msg:967207
 7:11 pm on Jan 3, 2006 (gmt 0)

> pay is when I get a "Thanks" email or,
> ... someone gives me a good review ...

I can relate. Both sites I build and maintain are non-monitized labor of love projects. The places where I voluntarily edit, some nfp, some not, are sites where I became involved to aid others with similar interests to mine.

It's always enjoyable to find a 'thanks' email and it's even enjoyable to find a "were you aware of X?" email. It doesn't matter to me whether x is newer or more detailed information on a topic or even the pointing out of some silly goof my tired eyes have overlooked. Each email means someone noticed the site and thought enough to write. And while all such notes are nice, I will concede it's an especially kicker day when the inbox contains a note of high praise.

europeforvisitors




msg:967208
 9:05 pm on Jan 3, 2006 (gmt 0)

I thought this was about hobby sites. A hobby site, by definition, is one that's built because the "hobbyist" enjoys building it, right? What would be the point of hiring someone else to do it?

Right, or worrying about automated online backup or any number of the other points that were raised in the initial post.

A hobby site requires as much time, effort, and technical whizbangery as the owner wants to put into it. No more, no less.

RailMan




msg:967209
 3:57 pm on Jan 4, 2006 (gmt 0)

when is a hobby not a hobby?
when it takes up every spare minute for months on end ....

what part(s) of the task are the hobby? just writing the content? participating in the subject being written about? learning web development? everything?

it takes a vast amount of time to achieve some things - personally i can think much better ways to spend that much spare time .........

Beagle




msg:967210
 1:25 am on Jan 5, 2006 (gmt 0)

What someone considers to be a hobby would depend on the individual. My hobby site is about a subject I enjoy being involved in and enjoy writing about for a group of people who enjoy reading about it, and I keep everything else simple. When I have more time to spend on it, I spend more time on it. When I don't, I can say, "Sorry, I wanted to have that new page up by the end of the month but didn't quite make it." Everyone says, "Hey, no prob," and I get back to it when I have time. It costs about $4/month for hosting and as much time as I want to put into it. That's a hobby. If I felt obliged to spend every waking moment at it, or get into serious web development (which I don't enjoy nearly as much as creating the content) it would be something else.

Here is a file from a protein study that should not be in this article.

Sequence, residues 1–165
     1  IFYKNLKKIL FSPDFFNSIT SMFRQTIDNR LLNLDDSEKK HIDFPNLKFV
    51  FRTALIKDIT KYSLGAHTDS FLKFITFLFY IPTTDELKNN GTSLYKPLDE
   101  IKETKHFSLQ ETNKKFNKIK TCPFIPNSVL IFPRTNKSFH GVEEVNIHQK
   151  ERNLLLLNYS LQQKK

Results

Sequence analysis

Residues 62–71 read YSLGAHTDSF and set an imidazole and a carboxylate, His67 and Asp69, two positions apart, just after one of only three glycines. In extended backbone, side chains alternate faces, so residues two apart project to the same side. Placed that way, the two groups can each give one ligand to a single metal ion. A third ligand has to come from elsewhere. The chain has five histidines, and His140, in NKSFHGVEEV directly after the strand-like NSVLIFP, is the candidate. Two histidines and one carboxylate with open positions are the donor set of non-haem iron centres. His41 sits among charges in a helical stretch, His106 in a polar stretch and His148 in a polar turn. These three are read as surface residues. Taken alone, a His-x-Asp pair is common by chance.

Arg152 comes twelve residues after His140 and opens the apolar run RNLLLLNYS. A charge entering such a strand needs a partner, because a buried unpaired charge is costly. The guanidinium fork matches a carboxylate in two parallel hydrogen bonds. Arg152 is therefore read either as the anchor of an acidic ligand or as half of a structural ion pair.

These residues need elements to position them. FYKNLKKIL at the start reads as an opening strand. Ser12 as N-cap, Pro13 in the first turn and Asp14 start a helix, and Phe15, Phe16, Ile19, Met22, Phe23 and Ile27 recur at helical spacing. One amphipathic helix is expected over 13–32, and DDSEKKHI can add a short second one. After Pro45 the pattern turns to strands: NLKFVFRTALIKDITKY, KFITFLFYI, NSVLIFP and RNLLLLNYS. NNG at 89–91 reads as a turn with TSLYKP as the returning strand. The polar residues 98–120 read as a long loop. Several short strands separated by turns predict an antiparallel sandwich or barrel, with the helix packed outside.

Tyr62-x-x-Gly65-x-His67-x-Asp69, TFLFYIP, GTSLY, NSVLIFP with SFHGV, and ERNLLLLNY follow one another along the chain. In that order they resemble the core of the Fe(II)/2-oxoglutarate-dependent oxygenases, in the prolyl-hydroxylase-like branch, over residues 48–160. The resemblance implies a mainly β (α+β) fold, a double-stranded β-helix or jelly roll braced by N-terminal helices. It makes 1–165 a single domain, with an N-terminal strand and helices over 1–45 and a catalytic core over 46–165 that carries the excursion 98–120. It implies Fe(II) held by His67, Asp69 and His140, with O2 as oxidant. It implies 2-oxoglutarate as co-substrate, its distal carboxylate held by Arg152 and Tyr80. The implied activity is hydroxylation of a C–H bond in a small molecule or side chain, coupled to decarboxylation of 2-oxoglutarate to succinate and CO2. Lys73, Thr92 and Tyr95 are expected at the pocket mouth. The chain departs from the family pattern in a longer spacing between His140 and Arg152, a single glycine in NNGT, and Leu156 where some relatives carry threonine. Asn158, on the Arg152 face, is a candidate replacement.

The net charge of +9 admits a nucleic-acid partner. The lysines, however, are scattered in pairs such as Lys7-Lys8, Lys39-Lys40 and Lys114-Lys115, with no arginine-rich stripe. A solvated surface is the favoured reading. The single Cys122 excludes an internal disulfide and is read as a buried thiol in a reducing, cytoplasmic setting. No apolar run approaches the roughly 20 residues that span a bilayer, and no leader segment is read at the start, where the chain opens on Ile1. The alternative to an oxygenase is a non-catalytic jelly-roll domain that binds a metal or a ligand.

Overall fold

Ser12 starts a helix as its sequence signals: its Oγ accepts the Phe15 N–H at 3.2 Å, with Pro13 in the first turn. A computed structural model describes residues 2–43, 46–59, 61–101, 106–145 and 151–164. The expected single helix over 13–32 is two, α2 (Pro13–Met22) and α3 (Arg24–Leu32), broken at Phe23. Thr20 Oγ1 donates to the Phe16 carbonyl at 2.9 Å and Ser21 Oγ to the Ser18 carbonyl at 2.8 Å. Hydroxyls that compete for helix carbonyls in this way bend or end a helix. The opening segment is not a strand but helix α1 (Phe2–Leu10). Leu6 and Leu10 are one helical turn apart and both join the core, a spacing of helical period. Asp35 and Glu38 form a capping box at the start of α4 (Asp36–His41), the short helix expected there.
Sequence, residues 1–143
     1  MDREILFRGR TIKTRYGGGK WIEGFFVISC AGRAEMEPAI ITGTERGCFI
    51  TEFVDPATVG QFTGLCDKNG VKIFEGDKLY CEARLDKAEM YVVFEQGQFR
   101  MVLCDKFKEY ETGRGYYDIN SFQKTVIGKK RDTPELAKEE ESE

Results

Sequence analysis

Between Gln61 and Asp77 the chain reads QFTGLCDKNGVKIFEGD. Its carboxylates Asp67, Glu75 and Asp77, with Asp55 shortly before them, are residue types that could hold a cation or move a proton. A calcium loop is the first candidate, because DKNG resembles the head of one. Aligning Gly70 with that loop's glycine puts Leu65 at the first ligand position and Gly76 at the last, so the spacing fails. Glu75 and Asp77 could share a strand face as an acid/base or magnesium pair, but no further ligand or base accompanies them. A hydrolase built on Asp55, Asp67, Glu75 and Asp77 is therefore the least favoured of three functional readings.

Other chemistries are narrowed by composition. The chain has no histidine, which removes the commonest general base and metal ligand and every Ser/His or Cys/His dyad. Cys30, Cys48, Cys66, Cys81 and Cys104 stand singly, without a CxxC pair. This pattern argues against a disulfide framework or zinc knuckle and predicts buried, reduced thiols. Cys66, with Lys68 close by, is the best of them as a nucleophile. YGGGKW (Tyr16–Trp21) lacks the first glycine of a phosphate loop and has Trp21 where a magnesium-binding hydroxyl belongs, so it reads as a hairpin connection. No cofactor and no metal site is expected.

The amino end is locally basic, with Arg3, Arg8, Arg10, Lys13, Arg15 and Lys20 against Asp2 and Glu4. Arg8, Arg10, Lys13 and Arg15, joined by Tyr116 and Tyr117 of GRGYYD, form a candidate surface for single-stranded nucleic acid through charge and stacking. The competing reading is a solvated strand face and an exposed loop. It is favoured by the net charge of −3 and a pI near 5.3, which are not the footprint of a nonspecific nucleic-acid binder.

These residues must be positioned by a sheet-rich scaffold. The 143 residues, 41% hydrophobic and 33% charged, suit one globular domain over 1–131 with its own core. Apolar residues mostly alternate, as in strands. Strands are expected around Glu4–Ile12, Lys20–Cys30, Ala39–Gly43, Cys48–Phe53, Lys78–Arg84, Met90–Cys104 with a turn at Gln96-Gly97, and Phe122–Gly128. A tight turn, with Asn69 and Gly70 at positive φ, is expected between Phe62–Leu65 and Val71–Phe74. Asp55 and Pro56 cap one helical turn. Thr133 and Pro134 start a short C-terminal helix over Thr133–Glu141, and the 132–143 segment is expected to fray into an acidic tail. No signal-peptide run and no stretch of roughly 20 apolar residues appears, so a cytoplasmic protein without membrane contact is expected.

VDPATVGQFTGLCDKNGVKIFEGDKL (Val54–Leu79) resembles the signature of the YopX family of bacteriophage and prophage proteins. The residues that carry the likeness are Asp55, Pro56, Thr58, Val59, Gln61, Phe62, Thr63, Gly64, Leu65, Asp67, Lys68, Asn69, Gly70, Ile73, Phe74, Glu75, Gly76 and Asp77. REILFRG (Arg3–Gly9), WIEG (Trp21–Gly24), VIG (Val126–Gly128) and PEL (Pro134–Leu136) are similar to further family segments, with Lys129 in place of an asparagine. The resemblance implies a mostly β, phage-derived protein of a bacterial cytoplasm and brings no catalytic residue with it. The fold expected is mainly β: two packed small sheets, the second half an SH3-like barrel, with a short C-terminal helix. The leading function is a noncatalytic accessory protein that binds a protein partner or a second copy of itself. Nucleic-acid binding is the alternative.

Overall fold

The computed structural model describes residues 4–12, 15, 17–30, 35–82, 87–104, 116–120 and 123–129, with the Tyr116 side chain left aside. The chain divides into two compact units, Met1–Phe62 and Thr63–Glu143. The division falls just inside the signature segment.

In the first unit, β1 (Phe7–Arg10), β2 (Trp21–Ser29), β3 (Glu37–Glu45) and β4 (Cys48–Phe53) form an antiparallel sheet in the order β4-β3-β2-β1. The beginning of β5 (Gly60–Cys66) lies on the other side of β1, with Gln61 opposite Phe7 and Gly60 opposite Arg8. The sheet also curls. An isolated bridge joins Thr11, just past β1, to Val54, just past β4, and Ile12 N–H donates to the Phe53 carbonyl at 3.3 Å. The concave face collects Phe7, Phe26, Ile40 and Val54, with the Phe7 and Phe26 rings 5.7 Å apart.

For someone who has fun exploring the technical side of website development, they might even enjoy setting up automated database backup - seems strange to me, but everybody's different.

I'm sure that for a lot of professional web developers, a "hobby website" would be an oxymoron, which is completely understandable. Mine is an opportunity for me to publish what I enjoy, without having to worry about a professional appearance (I can even make mistakes), or keyword density, or the opinion of someone who's paying me. It probably also makes a difference that the subject of the hobby isn't a common one, so the only way to gather an appreciable number of people interested in it is on the web. If I were interested in something that just needed a local place to gather, the website very likely wouldn't exist.

jretzer




msg:967211
 5:08 am on Jan 5, 2006 (gmt 0)

I have several hobby websites -- they both are hobbies in that I do them for fun, and they also are ABOUT hobbies.

In all cases, I decided to use blogging software -- of which there are several free scipts out there. With a "blog", you can get a good looking site, stop worrying about design and coding, and just write about what you love. I actually took the date tags off of one, so that the articles just pile up on top of each other. If I choose not to post for a while, then it doesn't look like the "blog" is neglected.

In some sense, they aren't blogs, but just sites that I can update easily.

microcars




msg:967212
 4:16 pm on Jan 7, 2006 (gmt 0)

when is a hobby not a hobby?
when it takes up every spare minute for months on end ....

oddly enough I know people who are that obsessed with their hobby.

I don't remember where I heard this, but:
"A Hobby is something you think about when you should be Working"

Beagle




msg:967213
 5:38 pm on Jan 7, 2006 (gmt 0)

microcars - LOL - great statement! The group I build my 'hobby' site for has pretty much switched terminology from 'hobby' to 'obsession.'

The site proclaims that it's for [site topic] geeks, giving my own definition that geeks are "people who are passionately interested in something that 'normal' people pay little or no attention to." That's followed by the quote "Geeks are generally the most interesting people." If you know where that quote is from, you can probably guess what the website's about. If you don't, that's okay - it's a [site topic] geek thing. ;-)

We've decided that if we don't spend more time on our 'hobby' than some people spend watching sports on TV, we're still basically sane.